Bill Cunningham, the legendary New York Times fashion photographer who spent decades documenting the latest fashion trends on the city's streets, died on Saturday, according to the newspaper. He was 87.
He had been recently hospitalized after suffering a stroke, the newspaper reported.
For decades, Cunningham spent his days riding around on his bicycle, dressed in his iconic blue jacket, and taking impromptu photographs of New York's most fashionable people — from big name celebrities to style-conscious average New Yorkers.
During his almost 40 years at the Times, Cunningham catalogued the city's changing styles both in print and in video slideshows for the newspaper's website.
"I suppose, in a funny way, I’m a record keeper," Cunningham wrote in the newspaper in 2002.
Cunningham first developed a taste for street photography while working for the Chicago Tribune in the mid-1960s. A fellow photographer brought him a small camera and advised him to "use it like a notebook."
"That was the real beginning," Cunningham wrote. "Everybody I saw I was able to record, and that’s what it’s all about."
"I realized that you didn’t know anything unless you photographed the shows and the street, to see how people interpreted what designers hoped they would buy. I realized that the street was the missing ingredient."
His life was the subject of the 2010 documentary Bill Cunningham New York, which played at film festivals around the world. "We all get dressed for Bill," Anna Wintour, Vogue editor, told the filmmakers.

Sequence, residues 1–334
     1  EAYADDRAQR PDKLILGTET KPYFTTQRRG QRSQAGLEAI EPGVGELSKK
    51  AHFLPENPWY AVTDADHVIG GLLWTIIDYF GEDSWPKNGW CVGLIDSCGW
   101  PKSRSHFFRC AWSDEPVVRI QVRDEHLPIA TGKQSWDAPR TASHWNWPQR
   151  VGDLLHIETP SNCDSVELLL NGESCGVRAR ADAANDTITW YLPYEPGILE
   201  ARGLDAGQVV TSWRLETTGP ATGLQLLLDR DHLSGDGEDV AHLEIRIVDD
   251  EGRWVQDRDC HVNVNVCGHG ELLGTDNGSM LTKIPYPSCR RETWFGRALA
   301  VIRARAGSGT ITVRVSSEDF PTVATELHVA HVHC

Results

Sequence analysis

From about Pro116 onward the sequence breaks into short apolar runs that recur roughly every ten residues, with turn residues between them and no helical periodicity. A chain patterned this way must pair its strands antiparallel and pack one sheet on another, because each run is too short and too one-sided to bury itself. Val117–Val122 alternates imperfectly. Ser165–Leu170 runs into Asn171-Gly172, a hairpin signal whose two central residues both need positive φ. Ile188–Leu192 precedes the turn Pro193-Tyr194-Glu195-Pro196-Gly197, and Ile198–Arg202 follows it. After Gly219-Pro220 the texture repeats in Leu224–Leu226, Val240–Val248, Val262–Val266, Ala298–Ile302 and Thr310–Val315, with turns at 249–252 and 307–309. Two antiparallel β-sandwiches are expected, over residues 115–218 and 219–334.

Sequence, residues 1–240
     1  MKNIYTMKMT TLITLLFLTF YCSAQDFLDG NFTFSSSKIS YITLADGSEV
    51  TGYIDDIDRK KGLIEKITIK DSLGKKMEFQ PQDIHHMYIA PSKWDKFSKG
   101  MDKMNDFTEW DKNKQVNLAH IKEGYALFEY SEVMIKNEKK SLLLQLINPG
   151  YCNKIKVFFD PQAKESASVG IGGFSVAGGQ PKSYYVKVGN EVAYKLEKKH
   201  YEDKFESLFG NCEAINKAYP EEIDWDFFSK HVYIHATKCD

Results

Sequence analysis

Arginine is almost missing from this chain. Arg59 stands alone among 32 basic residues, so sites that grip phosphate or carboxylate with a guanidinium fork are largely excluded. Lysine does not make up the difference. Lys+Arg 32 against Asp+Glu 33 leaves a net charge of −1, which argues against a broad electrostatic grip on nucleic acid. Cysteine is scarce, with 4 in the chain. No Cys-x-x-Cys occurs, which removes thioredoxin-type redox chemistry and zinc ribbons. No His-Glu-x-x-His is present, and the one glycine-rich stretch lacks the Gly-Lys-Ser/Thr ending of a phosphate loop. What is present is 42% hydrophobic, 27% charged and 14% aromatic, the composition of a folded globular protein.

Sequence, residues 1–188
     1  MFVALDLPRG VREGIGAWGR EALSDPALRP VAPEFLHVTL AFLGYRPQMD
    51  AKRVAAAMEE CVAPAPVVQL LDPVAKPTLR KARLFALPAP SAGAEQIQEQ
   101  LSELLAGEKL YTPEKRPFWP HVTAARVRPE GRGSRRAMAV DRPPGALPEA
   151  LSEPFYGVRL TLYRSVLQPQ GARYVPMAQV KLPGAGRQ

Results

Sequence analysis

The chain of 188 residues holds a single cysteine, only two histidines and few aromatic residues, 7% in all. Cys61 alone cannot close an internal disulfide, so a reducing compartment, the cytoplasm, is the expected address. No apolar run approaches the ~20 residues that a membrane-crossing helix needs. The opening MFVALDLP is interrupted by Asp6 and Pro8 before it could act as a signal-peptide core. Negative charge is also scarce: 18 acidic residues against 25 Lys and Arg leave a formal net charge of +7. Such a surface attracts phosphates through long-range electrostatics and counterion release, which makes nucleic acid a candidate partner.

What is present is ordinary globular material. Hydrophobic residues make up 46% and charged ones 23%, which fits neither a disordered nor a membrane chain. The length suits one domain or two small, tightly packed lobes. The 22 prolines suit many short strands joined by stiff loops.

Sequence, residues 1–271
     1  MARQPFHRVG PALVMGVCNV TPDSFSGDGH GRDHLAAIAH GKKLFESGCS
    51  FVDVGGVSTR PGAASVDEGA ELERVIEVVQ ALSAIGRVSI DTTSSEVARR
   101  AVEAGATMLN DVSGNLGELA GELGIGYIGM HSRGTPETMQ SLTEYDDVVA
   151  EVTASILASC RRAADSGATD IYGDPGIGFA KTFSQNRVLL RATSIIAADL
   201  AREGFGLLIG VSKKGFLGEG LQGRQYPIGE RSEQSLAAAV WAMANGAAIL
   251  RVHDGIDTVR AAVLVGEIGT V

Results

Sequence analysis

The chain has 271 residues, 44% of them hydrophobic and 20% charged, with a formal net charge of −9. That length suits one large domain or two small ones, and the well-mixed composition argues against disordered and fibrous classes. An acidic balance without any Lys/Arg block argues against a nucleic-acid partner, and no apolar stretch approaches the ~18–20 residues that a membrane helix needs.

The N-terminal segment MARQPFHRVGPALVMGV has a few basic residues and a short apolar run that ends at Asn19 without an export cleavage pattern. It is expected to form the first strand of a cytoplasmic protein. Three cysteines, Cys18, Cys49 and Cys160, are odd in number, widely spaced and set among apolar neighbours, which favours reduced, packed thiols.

The documentary provided a fascinating insight into his professional and personal lives, both of which were mostly solitary. For many years, he lived alone in a cramped studio apartment, packed with film negatives, and slept on a simple cot.
He also fastidiously avoided accepting meals or drinks at any of the numerous glittering parties he photographed each week. "I never bothered with celebrities unless they were wearing something interesting," he said.
In 2008, the French government bestowed him with the Legion d’Honneur, the country's highest civilian honor. In 2009, he was named him a New York City living landmark.
New York Mayor Bill de Blasio paid tribute to the photographer on Twitter:
Artist and illustrator Wendy MacNaughton shared a photo tribute to Cunningham with a drawing of a camera and blue jacket.
“His company was sought after by the fashion world’s rich and powerful, yet he remained one of the kindest, most gentle and humble people I have ever met,” New York Times publisher Arthur Ochs Sulzberger Jr. told the newspaper. “We have lost a legend, and I am personally heartbroken to have lost a friend.”